“Love your enemies, bless those who curse you, do good to those who hate you, and pray for those who spitefully use you and persecute you” (5:44) are all expressions of this inward state of humility before God and man. It is not a natural state; our natural bent is to put ourselves first. It’s the state of a person who has allowed God to fashion him according to His will.

In all these helpful actions, the victim sees in his enemies, haters, and persecutors people who do such things because they do not know God and are acting out of personal weakness. As Jesus said from the cross, "Father, forgive them, for they know not what they do" (Luke 23:34). There is no retaliation because the victim himself knows this frailty and has found God sustaining him. The victim doesn’t take it personally, but exhibits something of the grace that God has for sinners. God is love (among many other attributes -- don’t make Him a one-dimensional God!), and His desired end is that we be those who act out of love as well.

Showing love to others who don’t deserve it is what perfection looks like to God.

  • Very helpful response, Steve! And I think right on in what Jesus was getting at given the context of the Sermon on the Mount, and particularly the five verses immediately preceding 5:48. I've shared this with my minister, who, like me, has long struggled with this passage and its seemingly impossible standard to meet. Thank you!
    – user62159
    Commented Mar 31, 2018 at 14:13

Is perfection attainable according to Matthew 5:48?

Answer: Absolutely.

Matthew 5:48: “Therefore you are to be perfect, as your heavenly Father is perfect."

Perhaps we might ask this question: If we have been baptized into Christ, have all our sins not been washed away just as we have been promised? While we will be tested, and fail the test, we must brush ourselves off and continue to "walk in the Light as He Himself is in the Light." (1 Jn. 1:7a) This results in our being "[cleansed] from all sin" (1 Jn. 1:7b). Note that this is an ongoing process of purification throughout the remainder of our lives in Christ.

If this were not true, how could we ever stand before God holy, blameless, and beyond reproach (Col. 1:21)? How does God treat imperfection in His presence? Obviously, no human being is perfect; but they can be continually purified, and that is the point that many seem to overlook.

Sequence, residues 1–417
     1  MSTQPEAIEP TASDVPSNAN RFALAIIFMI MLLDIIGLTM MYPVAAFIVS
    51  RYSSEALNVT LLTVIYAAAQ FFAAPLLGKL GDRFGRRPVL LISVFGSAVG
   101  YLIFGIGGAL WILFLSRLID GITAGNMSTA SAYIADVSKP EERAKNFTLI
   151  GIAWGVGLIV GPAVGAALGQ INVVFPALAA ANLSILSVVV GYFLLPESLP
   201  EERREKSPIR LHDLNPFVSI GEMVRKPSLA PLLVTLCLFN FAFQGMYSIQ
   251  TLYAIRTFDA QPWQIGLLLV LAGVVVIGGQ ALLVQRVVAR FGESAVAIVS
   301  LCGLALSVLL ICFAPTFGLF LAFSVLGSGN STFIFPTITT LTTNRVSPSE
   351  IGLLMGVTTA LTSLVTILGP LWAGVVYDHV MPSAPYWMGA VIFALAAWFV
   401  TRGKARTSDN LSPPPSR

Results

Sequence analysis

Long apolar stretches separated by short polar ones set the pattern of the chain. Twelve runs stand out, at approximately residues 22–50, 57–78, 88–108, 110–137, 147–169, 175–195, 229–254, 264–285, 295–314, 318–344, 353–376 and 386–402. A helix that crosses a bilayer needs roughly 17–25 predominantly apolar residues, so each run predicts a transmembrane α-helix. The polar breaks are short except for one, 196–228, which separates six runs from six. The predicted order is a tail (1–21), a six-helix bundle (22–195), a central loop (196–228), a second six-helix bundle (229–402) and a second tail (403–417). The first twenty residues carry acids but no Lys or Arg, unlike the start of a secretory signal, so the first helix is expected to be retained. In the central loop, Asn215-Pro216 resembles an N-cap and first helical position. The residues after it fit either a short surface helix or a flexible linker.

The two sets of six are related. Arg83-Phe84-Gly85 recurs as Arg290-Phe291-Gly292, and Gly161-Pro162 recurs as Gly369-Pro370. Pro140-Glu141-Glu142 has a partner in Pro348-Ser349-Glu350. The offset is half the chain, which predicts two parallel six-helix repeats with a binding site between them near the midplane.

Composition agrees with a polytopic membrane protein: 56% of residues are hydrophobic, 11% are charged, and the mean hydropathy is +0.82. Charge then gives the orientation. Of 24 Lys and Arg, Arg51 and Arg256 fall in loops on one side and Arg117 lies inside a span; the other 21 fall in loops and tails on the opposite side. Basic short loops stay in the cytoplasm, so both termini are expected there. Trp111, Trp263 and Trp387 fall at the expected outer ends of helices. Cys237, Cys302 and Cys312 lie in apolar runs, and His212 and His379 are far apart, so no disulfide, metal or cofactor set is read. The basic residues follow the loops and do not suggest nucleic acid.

Consider more of what the New Testament has to say. Note the many times that God has proclaimed (or implied) that while we walk in the Light, we are not to be judged:

John 3:18a: “He who believes in Him is not judged" (emphasis added).

Only two chapters later we read:

John 5:24: “Truly, truly, I say to you, the one who hears [obeys] My word, and believes Him who sent Me, has eternal life, and does not come into judgment, but has passed out of death into life” (emphasis added).

How can we reconcile these passages if, after our faithful obedience to Christ, we are not spiritually perfect? Why would Christ ever make such claims (those emphasized in Jn. 3:18a, 5:24, Matt.5:48)? Of course, He is addressing those who have exercised obedience to His Word. Take a look at the next passage that speaks to the status of the saints:

Romans 8:1: “Therefore there is now no condemnation for those who are in Christ Jesus” (emphasis added).

This passage appears to demonstrate that once we have clothed ourselves with Christ -- and keep our garments on, there is nothing to judge, we are spiritually flawless. Otherwise, how can we stand before God (as we do right now) with a clear conscience?

Those in Christ should understand that they have passed from being slaves of disobedience (imperfection) to become slaves of righteousness (Rom. 6:18, perfection) as the children of God. Consider Paul’s Letter to the Colossians, which argues the point more emphatically:

Colossians 1:21-22: “And although you were formerly alienated and hostile in mind, engaged in evil deeds, yet [Christ] has now reconciled you in His fleshly body through death, in order to present you before [the Father] holy and blameless and beyond reproach…” (emphasis added).

We were once alienated and hostile to God. We were “engaged in evil deeds” just as the text reads in verse 21. That is how God sees everyone outside of Christ, irrespective of whether we consider them “good” or “bad” because what we happen to think is irrelevant.

Paul’s letter to the saints at Corinth echoes the same sentiments as those in his Letter to the Colossians:

1 Corinthians 6:11: “You were washed, you were sanctified, you were justified in the name of the Lord Jesus Christ and in the Spirit of our God!” (emphasis added).